1: Input:, ,
2: Output:
3: Initialize
4: while and do
5: Solve and get the values of ;
6: Solve and get the values of ;
7: Solve and get the values of ;
8: Vehicle requester calculates its received data using (14);
9: Update step size ;
10: Update ;
11: Update Lagrange Multipliers using (32)–(35);
12: ;
13: end while
14: if then
15: Vehicle requester turns to be broadcasted by BS and updates received data using (15);
16: end if
17: return the data volume for vehicle requester;
1: Input: current buffer state , received data throughput
2: Output: buffer action, updated buffer state ,
QoE of video segment in region
3: for each time slot do
4: ifthen
5:  choose buffer action , no buffer for vehicle requester ;
6:  Adding constraints to algorithm 1;
7:  ;
8: end if
9: obtain the data throughput through algorithm 1;
10: ifthen
11:  choose buffer action and calculate the new buffered segments and quality level;
12:  update and video quality level , , in next intervals respectively;
13: end if
14: if then
15:  choose buffer action and upgrade the quality level in region then buffer new segments;
16:  update and video quality level , , in next intervals respectively;
17: end if
18: ifthen
19:  no buffer state changed;
20: end if
21: calculate the QoE of video segment in region ;
22: update buffer states for next time slot ;
23: end for
24: return buffer action and QoE for each time slot;
4.2. Algorithm Analysis

In this part, we analyze the convergence and computational complexity of the algorithm.

4.2.1. Convergence

Based on the proof in [49, 50], the proposed algorithm can gradually improve the optimization result and converge after a limited number of iterations. Furthermore, different feasible solutions affect the convergence speed but do not change the convergence result. The closer the feasible solution is to the optimal solution, the faster the convergence speed of the algorithm.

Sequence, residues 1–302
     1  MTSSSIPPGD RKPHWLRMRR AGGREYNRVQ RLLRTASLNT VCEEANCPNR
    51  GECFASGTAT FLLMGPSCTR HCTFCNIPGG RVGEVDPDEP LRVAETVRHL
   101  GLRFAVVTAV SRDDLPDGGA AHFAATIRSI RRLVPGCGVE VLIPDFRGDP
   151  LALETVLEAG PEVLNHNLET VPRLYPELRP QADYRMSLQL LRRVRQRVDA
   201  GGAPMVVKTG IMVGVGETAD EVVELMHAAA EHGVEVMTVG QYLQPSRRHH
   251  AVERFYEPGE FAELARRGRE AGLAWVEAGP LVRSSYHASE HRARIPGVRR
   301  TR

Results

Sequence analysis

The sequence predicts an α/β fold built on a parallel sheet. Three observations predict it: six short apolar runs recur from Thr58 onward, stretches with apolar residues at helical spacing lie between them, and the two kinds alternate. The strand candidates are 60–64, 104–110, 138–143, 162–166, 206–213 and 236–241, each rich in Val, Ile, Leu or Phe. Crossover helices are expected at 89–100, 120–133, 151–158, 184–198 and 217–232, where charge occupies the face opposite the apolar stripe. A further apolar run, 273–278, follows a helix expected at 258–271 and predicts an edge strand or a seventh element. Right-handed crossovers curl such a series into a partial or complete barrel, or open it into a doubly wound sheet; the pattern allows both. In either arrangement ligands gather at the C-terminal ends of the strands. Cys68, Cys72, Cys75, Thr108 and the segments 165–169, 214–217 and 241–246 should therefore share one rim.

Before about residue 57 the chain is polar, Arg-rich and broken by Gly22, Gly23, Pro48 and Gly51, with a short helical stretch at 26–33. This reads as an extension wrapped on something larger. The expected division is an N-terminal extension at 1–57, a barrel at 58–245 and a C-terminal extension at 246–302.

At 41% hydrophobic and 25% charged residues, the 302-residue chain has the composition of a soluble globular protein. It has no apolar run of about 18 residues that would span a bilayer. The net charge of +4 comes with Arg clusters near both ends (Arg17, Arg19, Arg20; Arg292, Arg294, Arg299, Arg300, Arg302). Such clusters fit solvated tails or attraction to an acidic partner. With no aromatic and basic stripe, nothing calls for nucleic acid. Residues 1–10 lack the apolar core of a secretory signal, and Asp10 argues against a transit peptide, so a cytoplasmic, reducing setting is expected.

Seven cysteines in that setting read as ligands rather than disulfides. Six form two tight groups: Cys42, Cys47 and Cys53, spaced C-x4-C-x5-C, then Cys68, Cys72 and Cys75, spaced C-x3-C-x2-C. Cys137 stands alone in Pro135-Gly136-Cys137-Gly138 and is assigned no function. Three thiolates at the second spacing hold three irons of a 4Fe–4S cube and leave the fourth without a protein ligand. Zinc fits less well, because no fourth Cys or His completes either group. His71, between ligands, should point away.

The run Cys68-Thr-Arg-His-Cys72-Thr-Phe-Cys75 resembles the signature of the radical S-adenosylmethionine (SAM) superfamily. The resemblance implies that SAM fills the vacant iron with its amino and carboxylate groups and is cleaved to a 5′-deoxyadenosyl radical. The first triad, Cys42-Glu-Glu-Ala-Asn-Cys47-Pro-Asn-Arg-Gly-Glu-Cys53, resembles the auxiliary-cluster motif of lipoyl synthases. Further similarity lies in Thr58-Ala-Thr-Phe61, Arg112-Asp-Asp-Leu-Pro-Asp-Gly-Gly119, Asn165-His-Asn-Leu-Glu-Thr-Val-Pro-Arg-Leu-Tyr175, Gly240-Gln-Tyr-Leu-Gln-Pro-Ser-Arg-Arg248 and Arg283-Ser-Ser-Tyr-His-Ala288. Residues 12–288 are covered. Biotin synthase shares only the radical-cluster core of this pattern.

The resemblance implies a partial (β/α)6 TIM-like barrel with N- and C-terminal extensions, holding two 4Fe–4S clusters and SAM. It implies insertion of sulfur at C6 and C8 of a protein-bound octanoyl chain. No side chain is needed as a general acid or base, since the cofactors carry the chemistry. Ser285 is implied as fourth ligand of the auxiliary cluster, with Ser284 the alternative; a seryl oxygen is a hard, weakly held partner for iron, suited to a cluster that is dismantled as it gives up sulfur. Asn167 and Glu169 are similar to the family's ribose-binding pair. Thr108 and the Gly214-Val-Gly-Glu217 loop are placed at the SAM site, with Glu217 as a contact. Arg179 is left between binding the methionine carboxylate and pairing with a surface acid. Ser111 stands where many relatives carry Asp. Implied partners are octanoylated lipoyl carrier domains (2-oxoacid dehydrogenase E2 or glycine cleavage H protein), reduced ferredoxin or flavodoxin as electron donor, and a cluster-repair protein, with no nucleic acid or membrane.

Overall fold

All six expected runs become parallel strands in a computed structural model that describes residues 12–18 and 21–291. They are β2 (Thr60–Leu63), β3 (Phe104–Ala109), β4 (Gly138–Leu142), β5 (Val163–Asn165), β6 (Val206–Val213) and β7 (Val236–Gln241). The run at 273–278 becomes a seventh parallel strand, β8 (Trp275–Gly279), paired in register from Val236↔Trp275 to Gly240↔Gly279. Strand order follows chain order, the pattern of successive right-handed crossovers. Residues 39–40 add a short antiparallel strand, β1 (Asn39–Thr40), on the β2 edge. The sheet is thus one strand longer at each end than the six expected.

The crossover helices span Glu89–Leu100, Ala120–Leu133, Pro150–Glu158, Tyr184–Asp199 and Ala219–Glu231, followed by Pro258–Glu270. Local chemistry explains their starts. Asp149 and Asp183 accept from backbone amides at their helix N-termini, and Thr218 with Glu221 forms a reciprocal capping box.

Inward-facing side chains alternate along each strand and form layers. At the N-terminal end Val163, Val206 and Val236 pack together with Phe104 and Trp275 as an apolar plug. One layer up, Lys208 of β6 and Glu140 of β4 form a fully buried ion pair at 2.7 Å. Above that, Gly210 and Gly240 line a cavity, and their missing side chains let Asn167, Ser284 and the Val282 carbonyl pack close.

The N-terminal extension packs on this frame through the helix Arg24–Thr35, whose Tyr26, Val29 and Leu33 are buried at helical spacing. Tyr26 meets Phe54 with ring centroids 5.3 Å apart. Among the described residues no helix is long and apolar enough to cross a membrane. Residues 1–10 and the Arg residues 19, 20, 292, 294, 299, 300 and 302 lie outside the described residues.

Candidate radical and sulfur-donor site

4.2.2. Computational Complexity

The proposed algorithm executes iterations to satisfy the accuracy ( and is a small parameter) of the subgradient method [51]. Besides, the computational complexity of each subproblem solved by the generic linear integer programming method is , where is the dimension of the variable, and is a positive constant [48]. Therefore, the computational complexity of the proposed algorithm is .

5. Numerical Experiments and Results

In this section, we conduct comprehensive simulations to evaluate the effectiveness of our proposed cooperative broadcast optimization algorithm.

5.1. Simulation Scenarios

Similar to [29], we perform the simulation in a scenario with multilane road and RSUs whose coverage is 400 m located on road at equal distance. We assume the video library contains 50 video files, and each video is divided into fixed duration segments. Besides, each video segment is encoded into 4 layers, and the bit rate of each enhancement layer is set as , and separately [37]. All the significant simulation parameters are collected in Table 2.